Tuesday, April 25, 2017

Pregnant? Don’t Wait To Become Educated

You JUST found out you’re pregnant. Congratulations! I could say the same cliche lines that most people give, like everything will change, or you’ll have your hands full or something to that extent. All those things are true, however, my sage advice is this:

Learn as much as you can - and start now.

Most couples wait until they are at the very end of their pregnancies to take a childbirth education class. And truthfully, that makes sense. It is called childBIRTH education after all. However, I think the term “pregnancy, birth, and postpartum education” is more fitting when you’re talking about a quality childbirth education class.

The majority of information that we get about birth in today’s culture comes from our friends, the media, or the internet. Obviously, those are not always reliable sources. Yet they drastically form our opinions about pregnancy and birth, many times in devastatingly deceptive ways.

Your best chance at becoming well educated about this major life transition you’re embarking on is to take a privately taught childbirth education class much earlier in your pregnancy - ideally when you’re around 20 weeks. That way, you do spend the final days and weeks of your pregnancy trying to unlearn false beliefs that you’ve built up for your entire pregnancy.

There is SO much to know about pregnancy, birthing, and the postpartum period. Trying to ingest it all in the last few weeks of pregnancy as you’re already getting ready for baby can feel like too much. Furthermore, there is a lot of valuable information for you to use DURING your pregnancy that you’d feel like you missed out on by waiting until the last minute.

Some people think that they don’t even NEED to take a childbirth education class - they think their doctor or midwife will tell them everything they need to know. So, let’s discuss that. Do you REALLY need to take a childbirth education class?

The average childbirth education class sits at around 8-10 hours of instruction. More thorough courses can be as much as 24-26 hours of instruction, and moderate classes can fall anywhere in between.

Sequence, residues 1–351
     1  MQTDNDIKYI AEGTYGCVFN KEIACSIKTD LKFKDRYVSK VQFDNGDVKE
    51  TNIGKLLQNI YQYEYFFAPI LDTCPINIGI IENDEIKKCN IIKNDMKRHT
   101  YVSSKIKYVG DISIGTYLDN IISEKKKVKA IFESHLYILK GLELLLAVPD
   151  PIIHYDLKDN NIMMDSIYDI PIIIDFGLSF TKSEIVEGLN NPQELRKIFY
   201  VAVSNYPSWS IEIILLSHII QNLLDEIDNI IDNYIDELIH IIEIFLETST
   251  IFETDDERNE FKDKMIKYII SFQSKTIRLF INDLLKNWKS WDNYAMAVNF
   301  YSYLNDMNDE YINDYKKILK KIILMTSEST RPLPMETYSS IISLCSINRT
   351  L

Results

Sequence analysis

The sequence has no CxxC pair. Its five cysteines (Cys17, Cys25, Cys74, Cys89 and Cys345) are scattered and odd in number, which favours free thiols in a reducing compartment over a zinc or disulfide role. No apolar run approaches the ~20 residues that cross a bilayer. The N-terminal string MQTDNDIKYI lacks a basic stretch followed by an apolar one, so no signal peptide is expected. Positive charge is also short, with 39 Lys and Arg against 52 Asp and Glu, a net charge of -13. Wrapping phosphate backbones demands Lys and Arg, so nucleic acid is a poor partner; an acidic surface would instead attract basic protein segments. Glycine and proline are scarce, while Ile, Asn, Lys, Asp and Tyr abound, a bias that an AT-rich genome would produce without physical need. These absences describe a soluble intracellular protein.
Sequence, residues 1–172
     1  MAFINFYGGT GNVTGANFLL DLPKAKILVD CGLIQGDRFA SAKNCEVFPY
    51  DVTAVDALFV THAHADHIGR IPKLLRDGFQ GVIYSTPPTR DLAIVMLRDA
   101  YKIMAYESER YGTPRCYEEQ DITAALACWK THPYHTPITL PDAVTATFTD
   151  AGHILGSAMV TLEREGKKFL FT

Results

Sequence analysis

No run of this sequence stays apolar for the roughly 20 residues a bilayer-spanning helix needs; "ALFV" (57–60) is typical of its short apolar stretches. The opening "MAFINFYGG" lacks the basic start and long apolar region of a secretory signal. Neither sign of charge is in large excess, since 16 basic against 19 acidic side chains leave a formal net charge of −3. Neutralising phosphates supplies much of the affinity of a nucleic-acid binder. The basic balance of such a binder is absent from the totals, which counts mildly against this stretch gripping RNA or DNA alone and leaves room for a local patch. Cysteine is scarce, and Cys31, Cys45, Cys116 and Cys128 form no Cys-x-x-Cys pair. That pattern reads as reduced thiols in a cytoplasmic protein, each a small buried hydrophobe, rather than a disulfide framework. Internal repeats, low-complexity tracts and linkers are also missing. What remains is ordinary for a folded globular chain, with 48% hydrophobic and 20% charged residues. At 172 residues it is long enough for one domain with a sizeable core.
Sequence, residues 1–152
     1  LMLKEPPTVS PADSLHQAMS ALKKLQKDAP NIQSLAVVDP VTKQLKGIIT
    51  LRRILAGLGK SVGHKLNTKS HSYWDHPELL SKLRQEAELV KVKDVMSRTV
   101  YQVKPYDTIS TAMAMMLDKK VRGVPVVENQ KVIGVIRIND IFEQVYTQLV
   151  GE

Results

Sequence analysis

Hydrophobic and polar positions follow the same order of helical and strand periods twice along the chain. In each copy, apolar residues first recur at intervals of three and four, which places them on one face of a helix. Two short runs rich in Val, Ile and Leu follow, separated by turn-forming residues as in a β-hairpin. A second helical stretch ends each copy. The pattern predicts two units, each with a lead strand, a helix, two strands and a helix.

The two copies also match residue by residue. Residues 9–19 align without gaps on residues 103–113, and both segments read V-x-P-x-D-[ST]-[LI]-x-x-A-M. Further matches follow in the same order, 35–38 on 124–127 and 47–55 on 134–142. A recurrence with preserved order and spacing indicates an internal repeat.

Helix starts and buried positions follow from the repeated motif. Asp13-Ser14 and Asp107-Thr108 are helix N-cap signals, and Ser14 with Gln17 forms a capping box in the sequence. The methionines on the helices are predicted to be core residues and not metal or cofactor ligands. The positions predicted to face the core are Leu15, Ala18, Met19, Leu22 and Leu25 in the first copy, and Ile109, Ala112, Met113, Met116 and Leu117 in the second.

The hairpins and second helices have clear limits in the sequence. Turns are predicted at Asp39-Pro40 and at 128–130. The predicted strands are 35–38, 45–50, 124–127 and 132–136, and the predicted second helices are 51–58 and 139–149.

Ask any childbirth educator and they will tell you what a challenge it is to fit everything that you should know about the biggest life change you and your body will ever experience, into 8 hours. Most of them will tell you that a full 3 credit-hour semester long class would feel inadequate.

How much time can your doctor spend educating you about your upcoming birth? Let’s do the math.  

The average time that an OB spends with their patient is 5-7 minutes per visit. Monthly visits usually don’t start until 12 weeks. Then you have biweekly visits starting around 35 weeks, then weekly visits from 38 weeks until the birth, you end up with an average of approximately 1 hour of time spent with your OB prior to birth.

Midwives can spend between 30 minutes to an hour with their clients, which amounts to a conservative average of 6 hours you spend with them prior to birth.

Whether you have an OB or a midwife, their job is to be your healthcare provider and to monitor you for medical safety during pregnancy and birth. Their job is not to educate you.

Remember: how many hours was the childbirth education class? A minimum of 8 hours, right? How could they possibly give you thorough, comprehensive childbirth education in an hour prior to birth? Or even 6? Is it fair to assume that your provider is also going to take the role of educator when that’s not their job? Of course not!

It’s your job to become educated, and the sooner you start, the better! Early in your pregnancy, you can start reading. Here are a few good suggestions:

  • Ina May’s Guide To Childbirth by Ina May Gaskin
  • Birthing From Within by Pam England
  • Childbirth Without Fear  by Grantly Dick Read
  • The Birth Book by Dr William Sears
  • The Complete Book Of Pregnancy and Childbirth by Sheila Kitzinger
  • The Birth Partner by Penny Simkin

You’re going to have a baby - this is the most exciting season of your life! Learn as much about it as you can. Ask me about referrals for local educators, as there are many great ones to choose from.

To Your Health,
Dr. Felicia Conner

Sponsored by:
Flutterby Birth Services

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